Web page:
When you’re not immersed in Australia’s energy transition, what do you do for fun?
I play guitar and sing sometimes. I also play a lot of soccer and listen to tons of podcasts.
What are you currently excited about in the energy world?
It is every individual and nation’s obligation to save energy and futureproof the environment for our generations. I am excited that we can significantly contribute to this mission collectively. For example, in one of my industry projects, our team managed to save 1,845 kWh of electricity use per month for one building, capitalising on our expertise in this area.
Energy supply security and climate change are the dual challenges encountered both in Australia and worldwide, and the building sector is one of the considerable energy consumers, using about 30% of energy and over 50% of electricity globally (International Energy Agency, 2018).
Why do you value being a member of the Energy Efficiency Council?
Being a member of the Energy Efficiency Council provides various opportunities for professionals, academics, and government agencies. access to state-of-the-art development and technologies, the ability to connect with colleagues with the same interests through the network, and even identifying collaborations and making friends. Being a member of the Energy Efficiency Council also provides great opportunities for individual professional development.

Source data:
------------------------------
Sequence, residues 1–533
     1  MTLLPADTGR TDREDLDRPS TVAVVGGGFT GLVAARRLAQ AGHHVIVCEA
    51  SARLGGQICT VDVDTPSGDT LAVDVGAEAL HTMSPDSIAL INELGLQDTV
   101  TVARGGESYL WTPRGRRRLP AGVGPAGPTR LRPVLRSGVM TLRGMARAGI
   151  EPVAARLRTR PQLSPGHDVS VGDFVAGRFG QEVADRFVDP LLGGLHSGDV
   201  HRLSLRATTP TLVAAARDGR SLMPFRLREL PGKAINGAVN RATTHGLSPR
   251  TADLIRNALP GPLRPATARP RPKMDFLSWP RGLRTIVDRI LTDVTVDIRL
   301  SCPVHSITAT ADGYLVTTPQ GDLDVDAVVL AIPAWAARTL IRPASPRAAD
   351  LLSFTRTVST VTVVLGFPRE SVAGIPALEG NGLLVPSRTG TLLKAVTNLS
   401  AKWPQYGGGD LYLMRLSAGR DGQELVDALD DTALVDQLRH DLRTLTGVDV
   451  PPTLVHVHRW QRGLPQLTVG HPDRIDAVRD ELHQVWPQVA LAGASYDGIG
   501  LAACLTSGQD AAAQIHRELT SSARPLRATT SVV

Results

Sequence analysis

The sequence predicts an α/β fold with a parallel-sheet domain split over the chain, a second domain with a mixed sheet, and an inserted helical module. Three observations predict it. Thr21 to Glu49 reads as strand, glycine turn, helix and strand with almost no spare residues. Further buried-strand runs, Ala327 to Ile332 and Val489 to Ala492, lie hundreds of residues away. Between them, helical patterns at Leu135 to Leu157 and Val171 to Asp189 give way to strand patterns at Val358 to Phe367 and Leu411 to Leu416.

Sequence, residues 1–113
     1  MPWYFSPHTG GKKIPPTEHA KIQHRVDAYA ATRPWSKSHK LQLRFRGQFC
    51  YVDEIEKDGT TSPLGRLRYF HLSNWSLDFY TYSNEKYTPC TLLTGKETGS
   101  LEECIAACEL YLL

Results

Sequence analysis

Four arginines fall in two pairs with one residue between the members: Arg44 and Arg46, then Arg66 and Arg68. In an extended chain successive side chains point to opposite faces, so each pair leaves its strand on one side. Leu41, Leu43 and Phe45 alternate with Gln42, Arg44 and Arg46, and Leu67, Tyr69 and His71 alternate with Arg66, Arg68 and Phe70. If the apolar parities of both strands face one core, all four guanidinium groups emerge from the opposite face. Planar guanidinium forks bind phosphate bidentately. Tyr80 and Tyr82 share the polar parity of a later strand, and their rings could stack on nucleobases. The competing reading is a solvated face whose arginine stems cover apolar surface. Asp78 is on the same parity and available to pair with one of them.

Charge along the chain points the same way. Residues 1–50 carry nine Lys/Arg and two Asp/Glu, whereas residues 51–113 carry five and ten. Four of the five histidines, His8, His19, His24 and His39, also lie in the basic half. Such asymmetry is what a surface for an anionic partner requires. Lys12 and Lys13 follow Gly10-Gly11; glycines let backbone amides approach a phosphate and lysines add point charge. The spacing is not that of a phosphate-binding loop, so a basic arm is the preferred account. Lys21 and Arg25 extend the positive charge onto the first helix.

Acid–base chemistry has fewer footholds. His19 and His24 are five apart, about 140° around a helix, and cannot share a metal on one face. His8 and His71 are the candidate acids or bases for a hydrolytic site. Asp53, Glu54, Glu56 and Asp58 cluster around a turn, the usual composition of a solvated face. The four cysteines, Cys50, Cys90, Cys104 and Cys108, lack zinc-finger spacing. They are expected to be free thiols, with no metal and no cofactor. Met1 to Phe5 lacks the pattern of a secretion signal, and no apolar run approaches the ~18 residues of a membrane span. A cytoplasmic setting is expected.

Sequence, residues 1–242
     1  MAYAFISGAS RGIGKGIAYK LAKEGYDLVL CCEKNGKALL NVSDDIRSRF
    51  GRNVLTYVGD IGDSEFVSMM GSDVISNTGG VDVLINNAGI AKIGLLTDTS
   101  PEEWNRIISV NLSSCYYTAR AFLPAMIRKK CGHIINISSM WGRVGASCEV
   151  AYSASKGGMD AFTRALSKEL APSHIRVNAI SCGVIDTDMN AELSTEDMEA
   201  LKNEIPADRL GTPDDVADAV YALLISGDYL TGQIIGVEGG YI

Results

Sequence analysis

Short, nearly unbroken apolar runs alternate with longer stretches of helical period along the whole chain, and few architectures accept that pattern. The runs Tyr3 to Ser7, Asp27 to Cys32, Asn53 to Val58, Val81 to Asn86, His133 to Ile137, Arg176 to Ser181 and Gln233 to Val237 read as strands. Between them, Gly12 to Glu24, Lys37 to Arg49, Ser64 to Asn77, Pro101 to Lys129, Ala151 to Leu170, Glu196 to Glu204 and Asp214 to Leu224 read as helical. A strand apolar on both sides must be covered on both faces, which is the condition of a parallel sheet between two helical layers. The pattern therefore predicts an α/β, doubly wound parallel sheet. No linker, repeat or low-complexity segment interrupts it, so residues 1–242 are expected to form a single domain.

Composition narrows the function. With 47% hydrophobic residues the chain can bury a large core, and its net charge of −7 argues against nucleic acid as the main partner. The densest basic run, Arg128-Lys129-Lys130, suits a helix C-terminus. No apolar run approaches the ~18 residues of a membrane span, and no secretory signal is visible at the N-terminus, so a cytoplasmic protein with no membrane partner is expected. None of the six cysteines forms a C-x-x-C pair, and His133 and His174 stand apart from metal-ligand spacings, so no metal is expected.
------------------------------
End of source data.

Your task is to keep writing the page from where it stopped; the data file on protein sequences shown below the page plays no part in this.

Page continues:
Where do you see Australia’s energy and energy management markets in 2030?
Australia is committed to fulfilling its environmental obligations, which include meeting the Paris Climate Agreement to reduce emissions generated in 2005 by a minimum of 26% by 2030.
While only 6% of Australia's total energy consumption was derived from renewables (DEE, 2018) and 86.3% of electricity was generated from fossil-based sources (Clean Energy Council, 2014), it is imperative to seek effective pathways to close this gap. With proper policy guidance, technology advancement, and infrastructure development for renewable energy, we will be able to fulfil our environmental obligations and futureproof the environment for our generations with collective endeavours.
This article was originally published in the November edition of Efficiency Insight.